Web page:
Dallas could have forward Mattias Janmark back in the lineup after a lower-body injury caused him to miss the past two games.
The Capitals know they won’t have Oshie for a while. And while Brind’Amour quipped after Game 4 that the Hurricanes are dealing with more injuries, Oshie’s absence will take a chunk out of Washington.
”He’s a heart-and-soul guy,” goaltender Braden Holtby said. ”The thing with Osh is no matter what he’s going to find a way to have a positive impact on our team. … He’s a leader and he’s a guy that guys want to fight for.”
Whoever wins the Carolina-Washington series will face a shorthanded New York Islanders opponent in the second round. General manager Lou Lamoriello said defenseman Johnny Boychuk will miss three to four weeks with a lower-body injury.
AP Sports Writers Schuyler Dixon in Dallas, Teresa M. Walker in Nashville and Joedy McCreary in Raleigh contributed.
Follow AP Hockey Writer Stephen Whyno on Twitter at https://twitter.com/SWhyno
The Wraparound is your daily look at the 2019 Stanley Cup Playoffs. We’ll break down each day’s matchups with the all-important television and live streaming information included.
Winning breeds confidence and the Carolina Hurricanes’ success this season has continued into the Stanley Cup Playoffs. As they seek to take a 3-2 series lead on Washington Capitals Saturday night (8 p.m. ET; NBC; Live stream), they’ve envisioned this possibility since earlier this season as the chemistry in the dressing room and on the ice developed.
“There’s always been a belief with our group from day one that we could be in this situation. If the fans and the people are starting to believe, that’s great,” said head coach Rod Brind’Amour. “The most important thing is the guys believe.”
That belief was reinvigorated after their 2-1 win in Game 4. The Hurricanes had lost six straight to the Capitals before taking both games at PNC Arena. Now heading back to D.C., it’s a best-of-three series now and both teams will be missing key pieces with Andrei Svechnikov and T.J. Oshie out.
“We’ve always believed [we could win], right?” said Hurricanes captain Justin Williams. “We had lost six straight games to them after Game 2, close ones albeit, but lost them. So winning that one in Game 3 was big, this one is big, and they just keep getting bigger.”
Carolina knows that winning two in a row won’t cause the defending Stanley Cup champions to panic. They realize they need to continue their dominant possession play and timely scoring to keep the momentum going as they hit the road.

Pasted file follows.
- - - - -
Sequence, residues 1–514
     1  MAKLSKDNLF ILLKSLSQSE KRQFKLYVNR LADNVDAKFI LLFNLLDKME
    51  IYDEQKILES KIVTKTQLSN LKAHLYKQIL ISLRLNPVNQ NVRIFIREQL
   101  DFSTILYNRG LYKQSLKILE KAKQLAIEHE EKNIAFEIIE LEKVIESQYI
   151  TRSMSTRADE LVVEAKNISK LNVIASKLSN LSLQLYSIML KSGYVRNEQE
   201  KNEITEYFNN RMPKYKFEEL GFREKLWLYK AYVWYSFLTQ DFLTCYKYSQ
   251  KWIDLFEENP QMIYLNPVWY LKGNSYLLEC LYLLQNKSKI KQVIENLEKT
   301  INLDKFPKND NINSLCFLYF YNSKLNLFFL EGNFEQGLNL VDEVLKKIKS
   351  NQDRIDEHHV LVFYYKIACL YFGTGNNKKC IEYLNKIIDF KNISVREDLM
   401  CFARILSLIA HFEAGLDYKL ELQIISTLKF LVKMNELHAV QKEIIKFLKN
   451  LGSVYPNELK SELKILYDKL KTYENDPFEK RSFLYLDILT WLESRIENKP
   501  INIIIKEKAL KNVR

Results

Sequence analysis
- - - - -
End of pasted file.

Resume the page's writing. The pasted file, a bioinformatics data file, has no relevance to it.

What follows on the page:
“A team that’s that experienced, I don’t think they get frustrated,” said Brind’Amour. “You might a little bit, but I don’t think they’re sweating it too much.”
Game 5: Stars at Predators, 3 p.m. ET (Series tied 2-2): The Stars exploded in Game 4 scoring five times, chasing Pekka Rinne and winning the only game in the series that wasn’t decided by a single goal. After scoring on their first two shots of the game, Dallas kept the pressure on and quickly built up a 4-0 lead with three of them coming via the power play. “It hurt us, so discipline is definitely something that is on the plate,” said Predators head coach Peter Laviolette. “We’ve got to play a cleaner game.” (NBC, Live stream)
Game 6: Jets at Blues, 7 p.m. ET (Blues lead 3-2): If this series tells us anything, the Jets should have a grand old time seeing as how the home team has been unable to win in their own building through five games. Jaden Schwartz broke some hearts on Thursday night and put the Blues on the verge of advancing to Round 2. “We’ve been down before and I’m sure the guys will come back, regroup tomorrow, watch some film and get ready for Game 6,” said Jets forward Kevin Hayes. “We have to stay positive in this room.” (NBCSN, Live stream)
Maple Leafs 2, Bruins 1 (TOR leads 3-2)
A game where neither team gave the other much time through two periods ended in a bit of a flurry as Toronto, led by Auston Matthews, (controversially) found two goals in 2:12 in the third. It would prove to be enough, with the Bruins scoring with less than a minute left and their net empty. Toronto has a chance now to finally oust the Bruins on Sunday.
Avalanche 5, Flames 1 (COL wins 4-1)
Colorado fanned the Flames right out of the playoffs with an impressive, and surprisingly easy Game 5 win. Calgary didn’t provide much resistance facing elimination and are now the second top-seed team in the playoffs to be sent packing. Mike Smith could only do so much with the lack of scoring he received. And Calgary could only watch as Colorado’s top line of Mikko Rantanen, Nathan MacKinnon and Gabriel Landeskog trampled all over them.
1. Colin Wilson, Colorado Avalanche